Russell*, a macho dancer in one of Pasay's gay bars, asked me if I could help him. He was not earning anymore in his bar due to low sales (which is being experienced generally in most big gay bars in the area nowadays). He was planning to transfer to another gay bar, the "Answer for the Emotionall Needy" (ATEN), which he also heard through the gay bar grapevine is really strong. And to enter the bar, he needed a customer to accompany him.
That's why he texted me: "Musta? Pwede mo ba ako samahan sa ATEN? Apply lang ako... (How are you? Can you accompany me to ATEN? I'll just apply...)"
This was not the first time I heard that for a macho dancer to apply to that particular bar, he had to bring along a guest with him. Anyone can apply, I think, but it'll be easier to be accepted if the bar is assured of new revenue coming in, in the form of a customer.
Being the "ka-tropa" (a friend from a group or "gang mate") of the macho dancers I have encountered lately, I obliged to his favor. Besides, I was really curious how this unique set-up would work out. I haven't been used as a way to apply to a new bar.
What happened next, after the jump:
So as I entered the bar with Russell, and after I was introduced to the floor manager, it seemed that the floor manager knew I was a patron from another bar. He kept on comparing their bar to the other bars in Manila -- cheaper drinks by 25%, no obligatory twin drinks at entrance, no add-on fees like service charge, no need to buy the pricey MD drinks every hour. "Diba mas okay? (Isn't it better?)" he kept on mentioning again and again.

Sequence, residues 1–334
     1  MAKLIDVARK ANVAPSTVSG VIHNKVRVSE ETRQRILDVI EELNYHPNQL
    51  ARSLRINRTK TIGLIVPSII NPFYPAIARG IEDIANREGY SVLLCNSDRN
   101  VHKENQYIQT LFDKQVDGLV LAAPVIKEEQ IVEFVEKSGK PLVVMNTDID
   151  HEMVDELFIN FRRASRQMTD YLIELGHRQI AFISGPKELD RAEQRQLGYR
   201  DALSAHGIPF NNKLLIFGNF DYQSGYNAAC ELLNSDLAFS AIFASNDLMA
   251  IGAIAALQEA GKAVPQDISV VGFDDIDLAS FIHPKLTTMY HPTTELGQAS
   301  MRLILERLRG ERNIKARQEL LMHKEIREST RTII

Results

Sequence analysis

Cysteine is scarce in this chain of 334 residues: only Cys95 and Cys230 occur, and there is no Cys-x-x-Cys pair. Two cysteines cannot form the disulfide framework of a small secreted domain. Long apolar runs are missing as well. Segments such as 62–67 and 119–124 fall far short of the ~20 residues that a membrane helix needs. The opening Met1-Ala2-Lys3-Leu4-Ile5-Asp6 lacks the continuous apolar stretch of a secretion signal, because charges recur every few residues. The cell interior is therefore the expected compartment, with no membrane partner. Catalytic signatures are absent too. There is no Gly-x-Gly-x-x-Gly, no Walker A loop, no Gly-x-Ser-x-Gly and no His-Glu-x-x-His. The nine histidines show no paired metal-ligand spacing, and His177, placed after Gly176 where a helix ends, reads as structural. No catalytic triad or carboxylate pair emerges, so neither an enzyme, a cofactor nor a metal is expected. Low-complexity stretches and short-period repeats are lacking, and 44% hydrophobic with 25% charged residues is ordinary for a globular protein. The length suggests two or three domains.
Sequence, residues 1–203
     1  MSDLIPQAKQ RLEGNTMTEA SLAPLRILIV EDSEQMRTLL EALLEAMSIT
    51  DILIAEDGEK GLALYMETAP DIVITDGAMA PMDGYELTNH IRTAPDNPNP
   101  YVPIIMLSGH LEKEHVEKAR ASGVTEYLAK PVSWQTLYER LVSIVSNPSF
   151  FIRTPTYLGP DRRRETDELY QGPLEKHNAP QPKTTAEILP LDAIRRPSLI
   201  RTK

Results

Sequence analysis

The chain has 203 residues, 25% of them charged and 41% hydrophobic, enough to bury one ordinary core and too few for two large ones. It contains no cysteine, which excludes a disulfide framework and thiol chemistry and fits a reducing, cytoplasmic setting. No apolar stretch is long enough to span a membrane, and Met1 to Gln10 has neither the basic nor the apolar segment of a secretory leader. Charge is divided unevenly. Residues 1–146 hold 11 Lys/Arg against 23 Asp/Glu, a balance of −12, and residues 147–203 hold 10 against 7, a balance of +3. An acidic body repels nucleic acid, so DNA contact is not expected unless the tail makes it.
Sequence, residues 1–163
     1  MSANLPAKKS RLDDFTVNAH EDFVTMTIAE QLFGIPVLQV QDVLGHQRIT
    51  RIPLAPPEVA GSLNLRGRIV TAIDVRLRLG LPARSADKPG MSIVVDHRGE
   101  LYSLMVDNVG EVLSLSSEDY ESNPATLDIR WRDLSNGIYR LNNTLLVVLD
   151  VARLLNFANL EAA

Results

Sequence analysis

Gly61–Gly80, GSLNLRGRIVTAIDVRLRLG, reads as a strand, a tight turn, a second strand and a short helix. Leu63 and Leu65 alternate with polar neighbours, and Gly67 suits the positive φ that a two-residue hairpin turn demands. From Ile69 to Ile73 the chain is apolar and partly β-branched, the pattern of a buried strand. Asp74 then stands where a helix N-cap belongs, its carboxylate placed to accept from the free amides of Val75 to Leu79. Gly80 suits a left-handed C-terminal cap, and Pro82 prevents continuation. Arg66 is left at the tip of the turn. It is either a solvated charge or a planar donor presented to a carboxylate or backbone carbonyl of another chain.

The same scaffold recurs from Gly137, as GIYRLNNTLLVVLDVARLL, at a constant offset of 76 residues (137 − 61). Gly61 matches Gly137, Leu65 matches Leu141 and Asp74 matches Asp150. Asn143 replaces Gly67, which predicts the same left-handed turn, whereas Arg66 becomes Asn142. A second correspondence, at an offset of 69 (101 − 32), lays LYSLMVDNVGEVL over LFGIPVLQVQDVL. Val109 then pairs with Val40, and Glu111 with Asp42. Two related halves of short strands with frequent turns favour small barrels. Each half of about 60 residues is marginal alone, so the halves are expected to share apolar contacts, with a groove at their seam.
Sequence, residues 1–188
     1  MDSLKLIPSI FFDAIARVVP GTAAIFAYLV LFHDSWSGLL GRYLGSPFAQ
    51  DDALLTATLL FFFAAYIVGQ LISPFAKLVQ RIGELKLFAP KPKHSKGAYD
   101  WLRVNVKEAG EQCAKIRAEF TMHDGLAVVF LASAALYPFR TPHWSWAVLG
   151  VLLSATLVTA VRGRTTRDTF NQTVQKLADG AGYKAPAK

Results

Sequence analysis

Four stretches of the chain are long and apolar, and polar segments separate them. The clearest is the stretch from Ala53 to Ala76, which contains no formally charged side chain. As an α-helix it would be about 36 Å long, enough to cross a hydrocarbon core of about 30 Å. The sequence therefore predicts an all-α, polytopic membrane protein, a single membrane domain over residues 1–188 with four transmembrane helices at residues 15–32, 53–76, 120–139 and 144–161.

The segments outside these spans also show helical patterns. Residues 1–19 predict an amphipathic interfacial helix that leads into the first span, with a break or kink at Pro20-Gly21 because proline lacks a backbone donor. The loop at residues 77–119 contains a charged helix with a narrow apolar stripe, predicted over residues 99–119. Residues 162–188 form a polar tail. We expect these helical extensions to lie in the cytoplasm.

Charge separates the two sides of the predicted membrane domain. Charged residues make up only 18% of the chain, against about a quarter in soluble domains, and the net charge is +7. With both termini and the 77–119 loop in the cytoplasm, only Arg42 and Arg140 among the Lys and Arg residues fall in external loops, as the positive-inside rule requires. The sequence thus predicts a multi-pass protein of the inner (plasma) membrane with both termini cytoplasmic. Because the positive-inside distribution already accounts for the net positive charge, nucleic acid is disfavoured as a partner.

Another ATEN floor manager whom Russell knew in another bar approached our table. I was curious to find out from management perspective what made the bar so strong. He mentioned the cheaper drinks again (oo na, naniniwala na akong mas mura talaga), but he added how there were fresh faces all the time. The customers won't get bored by returning again and again, he explained in Tagalog, as there were always a new face to see, with macho dancers always coming and going.
That was what I was expecting -- seeing familiar faces from the other gay bars I've been to. I knew that the bar was a tambakan of former macho dancers from other bars, those with poor sales just like Russell. I saw a handful from Kingdom Come. One was from Home Base. They seemed to recognize me. "Sir, nandito pala kayo! (Sir, you're here!)" was how one all-the-way from Home Base greeted me when he passed by our table. So I was the familiar face to them, it seemed.
Before leaving at 5AM with the bar still full, I told Russell that I'd only help him enter the bar, but I couldn't promise to support him by being his regular guest there. I was honest to him that I was a regular in another bar. He assured me, "Oo naman! Hanggang pag-pasok lang. Ako na bahala sa pagkuha guests, basta makapasok lang (Yes, of course! I really just need to apply. Let me take care of getting my own guest; I just need to enter)."
Good. I wasn't worried with him finding new customers. The bar looks to be filled with all sorts of gay bar patrons everyday. Apparently, one of his former MD buddies, who isn't that popular in the bar where they've used to work, is one of ATEN's top and most frequently-requested dancers already. So maybe Russell is hoping to be at the top once again, but just in another bar.
I didn't realize that the gay bar "Answer for the Emotionally Needy" (ATEN) was that strong. Maybe that's the only solution a macho dancer can think of as to where to transfer, once he has lost his appeal in the other bigger bars.
And these bigger gay bars won't need to wonder why they've been losing sales, customers, and even macho dancers nowadays. If they need answers, they should know where to look.
Learn more: Lessons from Gay Bars in Manila